Investa recognises the importance of parental leave and supports our people during this special time.  We recognise that everyone’s journey to parenthood is different. In 2019 Investa refreshed its parental leave policy to make it more inclusive and include specific provisions in cases of assisted reproduction, miscarriage, surrogacy, stillbirth and adoption.

The service requirement around eligibility for parental leave was removed, supporting the attraction of mid-career talent who otherwise may have been hesitant to change organisations when starting or growing their family. Investa also introduced grandparent leave, becoming the first company in our sector to do this. The period of time within which paid parental leave can be taken was extended to 18 months. This provides greater opportunity for secondary carers to participate more actively in the early care of children, normalises male caring responsibilities and improves retention of women at mid-senior levels of management.

Investa also increased secondary carer parental leave to four weeks paid, encouraging dads and partners to spend more time at home with their families during this important period. We also made it easier for men to access primary carer parental leave and increased the paid leave to 16 weeks. Following these changes, rates of Investa’s male team members accessing primary carer parental leave doubled in just 12 months. We have a target to increase the number of men accessing this leave by a further 15 per cent by December 2021.

Read more about our inclusive parental leave benefits: Investa introduces a wide range of market leading changes to parental leave policy
 
And watch our Group Executive People & Culture, Amy Wild, discuss some of the changes here:

 

Truly embedding a flexible working culture
Flexible working had been a feature of the Investa employee experience for several years. But following the employee engagement survey in 2019, the People & Culture team uncovered challenges for people in some roles to access flexible working options, particularly when presence on site was required like facilities management. A handful of leaders were still ‘coming up the learning curve’ with managing flexible teams. And we were also seeing lower rates of men and people without caring responsibilities taking up flexible working options.

What we did
Investa’s People & Culture team conducted a significant research project to understand flexible working trends and options across industries and best practice approaches. We engaged with managers and employees at all levels to soundboard ideas and approaches, before engaging with the executive committee on proposed ideas. This culminated in the launch of a refreshed Flexible Working Arrangements Policy in October 2019, which was approved by the Board.

The revised policy:
  • Reinforces Investa’s commitment to trialling flexible working arrangements for any reason, any role and at all levels of the organisation – in other words all roles can be flex
  • Contains a suite of 21 different formal flexible working options, designed to suit the varied needs of our diverse organisation and ensure all roles are able to enjoy flexibility in where, when and how work is performed.
Driving cultural change meant coupling this policy to other measures designed to embed flexibility into business process. We trained all our people managers with practical hands-on workshops where managers were challenged to debunk flexible working myths, understand how to manage a flexible workforce and how differentiate between flexible working issues and performance issues.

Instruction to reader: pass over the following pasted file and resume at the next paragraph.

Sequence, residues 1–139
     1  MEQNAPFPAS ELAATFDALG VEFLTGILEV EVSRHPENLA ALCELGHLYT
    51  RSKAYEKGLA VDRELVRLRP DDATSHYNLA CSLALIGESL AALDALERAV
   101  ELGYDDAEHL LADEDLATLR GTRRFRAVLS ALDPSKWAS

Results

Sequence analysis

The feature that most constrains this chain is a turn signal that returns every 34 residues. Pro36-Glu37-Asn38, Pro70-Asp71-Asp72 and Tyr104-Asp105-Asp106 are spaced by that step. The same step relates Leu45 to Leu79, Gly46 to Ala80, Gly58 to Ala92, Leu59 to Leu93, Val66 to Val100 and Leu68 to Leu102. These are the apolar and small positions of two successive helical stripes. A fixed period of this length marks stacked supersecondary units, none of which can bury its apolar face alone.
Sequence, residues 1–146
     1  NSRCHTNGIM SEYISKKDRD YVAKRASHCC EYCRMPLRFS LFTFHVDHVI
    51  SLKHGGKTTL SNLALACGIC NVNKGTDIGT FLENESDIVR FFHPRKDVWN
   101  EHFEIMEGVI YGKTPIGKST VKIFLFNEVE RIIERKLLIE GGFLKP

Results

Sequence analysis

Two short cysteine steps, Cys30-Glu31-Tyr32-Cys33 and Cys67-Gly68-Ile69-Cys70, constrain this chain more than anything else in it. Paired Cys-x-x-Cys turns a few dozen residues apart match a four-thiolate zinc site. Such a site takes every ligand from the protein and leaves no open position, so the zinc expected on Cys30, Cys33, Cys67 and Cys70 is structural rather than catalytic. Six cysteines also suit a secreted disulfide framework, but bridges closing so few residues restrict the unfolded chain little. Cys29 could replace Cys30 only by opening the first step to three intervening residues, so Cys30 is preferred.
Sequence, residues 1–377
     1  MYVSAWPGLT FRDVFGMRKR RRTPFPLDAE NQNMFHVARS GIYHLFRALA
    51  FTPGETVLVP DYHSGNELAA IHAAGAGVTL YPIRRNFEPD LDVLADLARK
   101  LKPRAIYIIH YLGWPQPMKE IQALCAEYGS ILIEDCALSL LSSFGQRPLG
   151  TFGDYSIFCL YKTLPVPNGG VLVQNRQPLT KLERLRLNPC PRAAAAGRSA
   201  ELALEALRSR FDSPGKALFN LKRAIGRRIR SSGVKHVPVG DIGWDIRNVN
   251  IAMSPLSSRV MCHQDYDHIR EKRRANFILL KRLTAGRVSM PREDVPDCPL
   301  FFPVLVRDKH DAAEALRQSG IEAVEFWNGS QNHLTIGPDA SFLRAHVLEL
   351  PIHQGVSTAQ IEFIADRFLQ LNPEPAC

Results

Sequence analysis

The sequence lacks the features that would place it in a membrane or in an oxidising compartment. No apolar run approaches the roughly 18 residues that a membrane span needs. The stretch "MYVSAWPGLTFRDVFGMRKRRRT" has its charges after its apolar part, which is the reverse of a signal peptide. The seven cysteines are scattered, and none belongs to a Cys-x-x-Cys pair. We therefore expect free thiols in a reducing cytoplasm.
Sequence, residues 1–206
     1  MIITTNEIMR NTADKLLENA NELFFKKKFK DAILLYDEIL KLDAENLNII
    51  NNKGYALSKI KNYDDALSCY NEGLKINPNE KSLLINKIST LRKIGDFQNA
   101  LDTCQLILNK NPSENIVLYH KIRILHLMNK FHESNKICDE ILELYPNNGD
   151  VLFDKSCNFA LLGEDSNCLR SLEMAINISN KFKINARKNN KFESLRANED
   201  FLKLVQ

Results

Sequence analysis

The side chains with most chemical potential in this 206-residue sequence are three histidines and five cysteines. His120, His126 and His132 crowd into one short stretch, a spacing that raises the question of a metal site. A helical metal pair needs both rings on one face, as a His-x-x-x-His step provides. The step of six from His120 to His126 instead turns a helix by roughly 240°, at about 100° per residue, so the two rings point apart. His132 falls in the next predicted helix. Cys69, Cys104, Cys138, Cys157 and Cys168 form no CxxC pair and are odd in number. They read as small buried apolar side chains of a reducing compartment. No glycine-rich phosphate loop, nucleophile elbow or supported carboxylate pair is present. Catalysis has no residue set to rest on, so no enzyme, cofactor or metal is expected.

We encourage our executive team to model flexible working, which normalises flexibility at the senior levels. Male and female leaders, including the CEO, ‘leave loudly’ outside standard hours.
We support every employee with the technology to enable remote working and make flexible working easier. This made the transition to a remote working arrangement during the COVID-19 pandemic a seamless experience for everyone.

We also monitor and act swiftly on feedback obtained during onboarding and exit interviews, as well as employee engagement surveys.
Combined with a comprehensive communications program that reinforces flexibility as the ‘Investa way’ we’ve achieved spectacular results:
  • 94% of employees agree they have the flexibility they need to manage work and other commitments (86% in 2019)
  • 91% agree they are genuinely supported if they make use of flexible working arrangements (78% in 2019)
  • 74% of Investa employees worked flexibly prior to the COVID-19 pandemic and enforced remote working arrangements, across the full suite of available flexible working options, both formal and informal.

Staff turnover also reduced significantly in the 12 month period, and we believe our workplace flexibility program has played a central role in this.
 

Conclusion
The evidence is irrefutable: a commitment to diversity and inclusion makes good business sense. But this is no tick-box exercise – it means embracing diversity and inclusion as part of your company’s DNA. With strong leadership and innovative policies you can cultivate a unified culture, increase employee engagement, boost your brand and even achieve higher profits.

Subscribe to Thrive
Would you like to hear more from Investa?

Investa's blog Thrive delivers monthly insights from across the Investa business and from industry experts. If you would like these monthly insights delivered straight to your inbox, click the button below to subscribe.

 

Subscribe to Thrive